Non-extensible WeakMaps

David Bruant bruant.d at
Mon Jan 23 12:37:09 PST 2012

Le 23/01/2012 17:25, Brendan Eich a écrit :
>> David Bruant <mailto:bruant.d at>
>> January 22, 2012 12:54 PM
>> I'm not sure to understand what you're calling "/the/ key".
>> WeakMap.prototype, being itself a weakmap, does provide a covert
>> channel (since everyone has access to the same primordial objects
>> identities). Of course, it can be repaired [1], but it's quite
>> unfortunate to have to "repair" a feature that isn't part of a
>> standard yet, isn't it?
> Yes, you're right -- the prototypes require special handling for some
> of these classes. We've talked about this at past meetings. It's
> unfortunate that in JS, a prototype is not instanceof the objects of
> its kind.
> There is a tension between making prototypes be blank Object instances
> and making them as if they were the first of their kind. For the
> built-ins, we did the latter up till ES3, where RegExp.prototype was
> spec'ed as Object. No implementation followed that part of ES3, and
> ES5 matched reality.
> We would like a principled way for built-in constructors that have
> such covert channel hazards to opt out of their prototype being of
> their kind.
Can you elaborate on this last point? Do you mean a run-time way?
Does "opt-out" mean that the default would be that Constr.prototype is
always an instance of Constr?
It's been standardized this way to match reality, but it doesn't mean it
was a good design decision. It's not too late to change this.

A "spec" principle could be that no new built-in (any built-in, not just
the Constr.prototype) provide an irrevocable access to a shared mutable
"built-in" here, actually refers to anything 2 scripts can irrevocably.

Mutable state of objects available to everyone are almost systematically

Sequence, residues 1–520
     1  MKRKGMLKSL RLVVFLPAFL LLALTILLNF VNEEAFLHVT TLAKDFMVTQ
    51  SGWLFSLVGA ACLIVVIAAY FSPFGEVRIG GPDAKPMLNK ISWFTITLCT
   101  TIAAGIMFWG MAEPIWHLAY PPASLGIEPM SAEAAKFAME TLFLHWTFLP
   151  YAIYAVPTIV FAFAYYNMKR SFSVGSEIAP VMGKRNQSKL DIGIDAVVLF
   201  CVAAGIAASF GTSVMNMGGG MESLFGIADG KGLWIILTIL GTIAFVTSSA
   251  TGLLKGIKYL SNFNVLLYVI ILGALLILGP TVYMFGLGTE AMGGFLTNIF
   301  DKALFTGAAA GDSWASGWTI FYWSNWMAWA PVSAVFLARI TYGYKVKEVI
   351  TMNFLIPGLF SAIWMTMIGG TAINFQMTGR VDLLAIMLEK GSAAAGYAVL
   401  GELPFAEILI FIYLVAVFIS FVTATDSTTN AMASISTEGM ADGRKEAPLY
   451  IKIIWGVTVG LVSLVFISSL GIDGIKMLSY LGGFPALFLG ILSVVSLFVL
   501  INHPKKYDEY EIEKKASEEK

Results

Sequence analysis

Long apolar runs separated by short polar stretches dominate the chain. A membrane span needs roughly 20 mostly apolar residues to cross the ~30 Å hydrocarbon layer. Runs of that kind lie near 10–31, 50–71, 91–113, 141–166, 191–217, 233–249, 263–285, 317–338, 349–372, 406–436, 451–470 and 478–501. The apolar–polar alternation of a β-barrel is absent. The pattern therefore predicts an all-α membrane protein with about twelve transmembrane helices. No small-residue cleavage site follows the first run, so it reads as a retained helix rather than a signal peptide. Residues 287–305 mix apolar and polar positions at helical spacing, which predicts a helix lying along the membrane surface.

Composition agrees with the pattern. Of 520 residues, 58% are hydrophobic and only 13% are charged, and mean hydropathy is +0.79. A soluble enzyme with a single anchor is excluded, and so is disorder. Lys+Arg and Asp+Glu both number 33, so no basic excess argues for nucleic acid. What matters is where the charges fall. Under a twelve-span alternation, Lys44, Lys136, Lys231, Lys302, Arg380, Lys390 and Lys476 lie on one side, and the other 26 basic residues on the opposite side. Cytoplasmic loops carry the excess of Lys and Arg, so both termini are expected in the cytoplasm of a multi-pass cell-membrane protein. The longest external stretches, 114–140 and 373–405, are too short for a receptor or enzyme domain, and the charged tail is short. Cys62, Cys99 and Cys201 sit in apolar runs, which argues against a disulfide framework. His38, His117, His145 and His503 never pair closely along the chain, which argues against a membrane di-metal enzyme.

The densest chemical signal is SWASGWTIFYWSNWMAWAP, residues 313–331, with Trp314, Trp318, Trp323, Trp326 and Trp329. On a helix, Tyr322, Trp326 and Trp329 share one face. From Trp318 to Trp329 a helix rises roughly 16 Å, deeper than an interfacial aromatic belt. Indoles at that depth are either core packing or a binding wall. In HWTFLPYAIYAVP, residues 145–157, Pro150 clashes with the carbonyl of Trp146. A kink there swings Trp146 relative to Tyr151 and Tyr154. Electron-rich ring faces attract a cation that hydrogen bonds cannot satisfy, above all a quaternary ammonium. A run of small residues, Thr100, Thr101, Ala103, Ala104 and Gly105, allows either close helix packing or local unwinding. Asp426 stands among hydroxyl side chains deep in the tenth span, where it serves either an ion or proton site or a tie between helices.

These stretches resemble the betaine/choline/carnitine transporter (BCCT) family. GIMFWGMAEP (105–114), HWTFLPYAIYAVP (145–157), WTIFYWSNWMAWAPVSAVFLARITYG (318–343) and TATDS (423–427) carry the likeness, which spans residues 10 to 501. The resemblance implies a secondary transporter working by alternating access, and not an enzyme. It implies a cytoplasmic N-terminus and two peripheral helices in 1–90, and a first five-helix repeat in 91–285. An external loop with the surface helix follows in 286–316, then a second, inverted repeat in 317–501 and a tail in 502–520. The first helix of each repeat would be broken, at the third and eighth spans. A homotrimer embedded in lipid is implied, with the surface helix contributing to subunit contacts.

a source of covert chanel. It's true for Date.prototype,
WeakMap.prototype, Map.prototype, etc.
2 scripts having access to the same built-ins and these built-in having
a mutable state is what starts troubles.

For the record, this rule (no irrevocable access by default to objects
with mutable state) was applied in the design of Joe-E [1], a subset of
Java designed to allow object capabilities.

>>> For Maps and Sets, which support enumeration, the threa[t] model is
>>> different.
>> Allowing any type to be a key also changes the threat model, because it
>> means that prior arrangement can be enough to communicate.
> True but it's only with such arrangement, which would be a different
> kind of bug from any in the case where a key could be forged. In the
> forged key case, there's no defense.
I think that wrapping the object in a proxy and passing this proxy can
save from pretty much any situation. Just an intuition.
It assumes that the party I want to give access to an object via a proxy
doesn't already have access to it (if it's global for instance).



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